A top economic adviser to President Biden said Tuesday that Mr. Biden is willing to work with Republicans on his $2.3 trillion infrastructure but that he will not compromise on sparing people earning less than $400,000 per year from any planned tax increases.
“He said, and I quoted this … compromise is inevitable. And that’s part of how Joe Biden works. I mean, he will always reach across the aisle, try to cooperate,” Jared Bernstein, a member of the Council of Economic Advisers, told several reporters outside the White House.
“But a couple of points on this: One, if you have a different pay-for bring it to the table — but it can’t violate the $400,000 line in the sand, right?” Mr. Bernstein said. “He has consistently argued that any of the tax increases have to hold harmless people below 400K. So that’s going to be a rule he’s not going to bend on and that’s probably the right way to think about it.”
The White House has said the $400,000 threshold applies to both individuals and families.
The president wants to increase corporate taxes by roughly $2.5 trillion in order to generate sufficient revenues to cover the cost of the plan.
The tax hikes include increasing the corporate tax rate from 21% to 28%. The 2017 GOP tax law had lowered it from 35%.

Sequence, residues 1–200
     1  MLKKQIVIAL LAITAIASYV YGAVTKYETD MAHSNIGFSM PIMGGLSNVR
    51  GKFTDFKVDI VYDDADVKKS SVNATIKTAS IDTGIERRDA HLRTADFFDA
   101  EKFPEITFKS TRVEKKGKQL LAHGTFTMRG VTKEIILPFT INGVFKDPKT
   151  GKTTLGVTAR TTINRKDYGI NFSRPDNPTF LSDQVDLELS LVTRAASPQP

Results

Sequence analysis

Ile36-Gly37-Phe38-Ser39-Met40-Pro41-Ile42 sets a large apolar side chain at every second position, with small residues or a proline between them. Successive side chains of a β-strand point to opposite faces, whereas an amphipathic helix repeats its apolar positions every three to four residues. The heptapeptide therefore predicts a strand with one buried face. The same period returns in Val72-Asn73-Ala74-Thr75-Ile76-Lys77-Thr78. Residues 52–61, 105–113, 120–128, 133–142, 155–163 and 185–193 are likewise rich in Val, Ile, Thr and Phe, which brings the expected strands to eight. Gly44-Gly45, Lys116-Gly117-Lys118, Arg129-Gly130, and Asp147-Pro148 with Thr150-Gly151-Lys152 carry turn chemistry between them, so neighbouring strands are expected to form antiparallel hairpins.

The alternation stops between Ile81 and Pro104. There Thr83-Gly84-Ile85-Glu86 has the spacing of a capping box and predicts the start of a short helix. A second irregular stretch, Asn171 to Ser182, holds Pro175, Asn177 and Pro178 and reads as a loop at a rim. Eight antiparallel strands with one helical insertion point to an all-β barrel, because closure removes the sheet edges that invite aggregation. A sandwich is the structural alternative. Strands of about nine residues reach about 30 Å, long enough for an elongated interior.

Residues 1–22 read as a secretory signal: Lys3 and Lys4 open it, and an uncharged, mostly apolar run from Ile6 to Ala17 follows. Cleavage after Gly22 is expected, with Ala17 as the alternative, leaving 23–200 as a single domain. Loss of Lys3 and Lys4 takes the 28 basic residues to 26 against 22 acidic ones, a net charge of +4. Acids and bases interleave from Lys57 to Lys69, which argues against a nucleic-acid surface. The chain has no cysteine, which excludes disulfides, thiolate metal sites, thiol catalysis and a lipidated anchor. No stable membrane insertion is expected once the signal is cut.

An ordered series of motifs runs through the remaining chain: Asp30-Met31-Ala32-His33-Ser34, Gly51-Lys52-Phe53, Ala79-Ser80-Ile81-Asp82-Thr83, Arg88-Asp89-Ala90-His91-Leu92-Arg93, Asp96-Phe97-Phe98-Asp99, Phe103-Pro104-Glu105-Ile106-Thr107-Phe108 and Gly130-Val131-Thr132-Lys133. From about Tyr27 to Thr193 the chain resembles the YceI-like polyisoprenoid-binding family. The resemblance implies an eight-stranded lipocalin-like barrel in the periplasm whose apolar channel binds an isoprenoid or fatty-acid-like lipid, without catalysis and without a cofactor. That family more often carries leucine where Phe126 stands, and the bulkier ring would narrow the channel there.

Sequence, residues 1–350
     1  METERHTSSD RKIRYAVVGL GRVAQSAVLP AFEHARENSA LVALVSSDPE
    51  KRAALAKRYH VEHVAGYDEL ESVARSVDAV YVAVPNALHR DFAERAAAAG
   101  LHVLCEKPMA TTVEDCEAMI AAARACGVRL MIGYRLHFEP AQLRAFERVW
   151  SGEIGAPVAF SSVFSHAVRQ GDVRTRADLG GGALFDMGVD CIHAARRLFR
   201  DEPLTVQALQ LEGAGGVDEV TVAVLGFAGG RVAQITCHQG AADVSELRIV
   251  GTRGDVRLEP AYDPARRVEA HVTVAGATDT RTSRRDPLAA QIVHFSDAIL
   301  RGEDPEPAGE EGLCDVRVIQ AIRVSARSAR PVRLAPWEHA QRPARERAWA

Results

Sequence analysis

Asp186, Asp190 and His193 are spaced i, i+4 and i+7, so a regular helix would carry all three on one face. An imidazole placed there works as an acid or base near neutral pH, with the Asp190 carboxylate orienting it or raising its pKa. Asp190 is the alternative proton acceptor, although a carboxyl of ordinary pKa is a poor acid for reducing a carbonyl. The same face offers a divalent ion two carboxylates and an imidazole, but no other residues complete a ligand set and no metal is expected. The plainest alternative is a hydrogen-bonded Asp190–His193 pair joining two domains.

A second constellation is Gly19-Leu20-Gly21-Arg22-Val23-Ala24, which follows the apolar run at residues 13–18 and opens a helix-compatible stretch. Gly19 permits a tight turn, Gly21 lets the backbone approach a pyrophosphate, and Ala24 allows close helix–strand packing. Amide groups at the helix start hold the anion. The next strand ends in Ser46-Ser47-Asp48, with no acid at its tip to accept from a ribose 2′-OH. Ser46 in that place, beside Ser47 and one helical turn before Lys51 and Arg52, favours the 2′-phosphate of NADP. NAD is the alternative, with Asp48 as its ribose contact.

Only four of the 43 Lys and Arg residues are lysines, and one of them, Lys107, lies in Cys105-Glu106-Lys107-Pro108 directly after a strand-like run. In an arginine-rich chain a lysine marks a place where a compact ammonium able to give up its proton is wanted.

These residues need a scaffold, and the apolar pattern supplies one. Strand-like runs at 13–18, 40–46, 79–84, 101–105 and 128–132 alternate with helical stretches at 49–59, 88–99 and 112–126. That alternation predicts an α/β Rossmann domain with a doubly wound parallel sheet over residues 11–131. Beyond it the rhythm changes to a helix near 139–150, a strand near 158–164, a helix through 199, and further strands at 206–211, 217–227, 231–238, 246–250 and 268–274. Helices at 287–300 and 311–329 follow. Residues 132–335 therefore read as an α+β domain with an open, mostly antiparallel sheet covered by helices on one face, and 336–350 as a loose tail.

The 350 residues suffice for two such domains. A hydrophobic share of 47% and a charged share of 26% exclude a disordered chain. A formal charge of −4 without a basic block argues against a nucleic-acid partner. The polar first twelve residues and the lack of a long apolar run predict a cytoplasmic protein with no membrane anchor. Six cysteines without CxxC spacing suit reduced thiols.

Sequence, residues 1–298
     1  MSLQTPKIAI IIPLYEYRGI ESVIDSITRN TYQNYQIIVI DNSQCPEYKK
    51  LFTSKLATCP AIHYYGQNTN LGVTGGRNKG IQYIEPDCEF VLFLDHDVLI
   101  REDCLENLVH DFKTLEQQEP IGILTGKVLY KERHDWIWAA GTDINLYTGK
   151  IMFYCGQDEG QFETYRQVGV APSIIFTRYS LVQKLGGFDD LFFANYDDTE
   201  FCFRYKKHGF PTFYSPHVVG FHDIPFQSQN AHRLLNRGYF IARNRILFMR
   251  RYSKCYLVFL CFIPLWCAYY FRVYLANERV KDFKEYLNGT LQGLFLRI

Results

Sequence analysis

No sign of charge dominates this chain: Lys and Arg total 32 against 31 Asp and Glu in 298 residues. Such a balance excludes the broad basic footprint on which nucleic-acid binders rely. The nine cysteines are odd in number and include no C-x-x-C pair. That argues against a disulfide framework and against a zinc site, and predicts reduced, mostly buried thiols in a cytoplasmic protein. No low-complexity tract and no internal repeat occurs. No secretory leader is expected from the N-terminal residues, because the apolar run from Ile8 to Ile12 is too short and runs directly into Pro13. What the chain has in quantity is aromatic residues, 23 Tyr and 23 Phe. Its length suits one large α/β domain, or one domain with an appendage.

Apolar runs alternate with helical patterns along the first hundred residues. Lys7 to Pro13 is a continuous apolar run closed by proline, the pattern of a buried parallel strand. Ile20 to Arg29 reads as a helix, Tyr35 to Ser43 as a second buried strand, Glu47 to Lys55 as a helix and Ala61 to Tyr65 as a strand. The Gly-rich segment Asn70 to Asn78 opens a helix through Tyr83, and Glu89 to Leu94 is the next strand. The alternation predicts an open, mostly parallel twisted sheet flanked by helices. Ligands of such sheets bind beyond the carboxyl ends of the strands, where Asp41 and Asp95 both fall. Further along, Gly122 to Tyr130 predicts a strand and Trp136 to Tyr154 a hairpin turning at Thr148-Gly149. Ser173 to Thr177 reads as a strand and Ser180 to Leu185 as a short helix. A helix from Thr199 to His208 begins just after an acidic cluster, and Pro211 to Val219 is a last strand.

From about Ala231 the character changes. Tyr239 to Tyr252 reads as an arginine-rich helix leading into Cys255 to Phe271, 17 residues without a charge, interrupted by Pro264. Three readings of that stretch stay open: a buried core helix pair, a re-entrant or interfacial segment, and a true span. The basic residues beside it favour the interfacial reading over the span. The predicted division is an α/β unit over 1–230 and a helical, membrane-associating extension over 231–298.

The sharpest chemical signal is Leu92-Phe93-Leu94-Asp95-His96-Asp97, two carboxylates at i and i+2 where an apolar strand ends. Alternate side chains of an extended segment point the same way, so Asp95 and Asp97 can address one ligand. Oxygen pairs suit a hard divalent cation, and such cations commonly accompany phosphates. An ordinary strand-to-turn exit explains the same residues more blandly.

Congressional Republicans say they’ll oppose any proposal to roll back major parts of the tax law.
“It would be an almost impossible sell from the president to come to a bipartisan agreement that included the undoing of that [law]. I did tell him that,” said Sen. Roger Wicker, a Mississippi Republican who was at the White House Monday. “He disagrees.”
Sen. Mitt Romney, Utah Republican, told reporters Monday that he’s not wedded to the 21% rate, pointing out that he proposed a 25% corporate rate during his 2012 presidential campaign.
Sen. Joe Manchin III, West Virginia Democrat, has also floated a 25% rate.
Mr. Romney said increasing the corporate rate to 28%, plus other changes, could lead to some companies leaving U.S. shores.
“But I’d rather consider settings where people who are getting the benefit are paying for the benefit,” Mr. Romney said. “User fees, gas tax, those kinds of things. If we’re going to be providing a benefit to a particular segment of our society, then that would make sense to consider.”
“He’s certainly eager to hear ideas from Democrats and Republicans on alternatives,” Ms. Psaki said.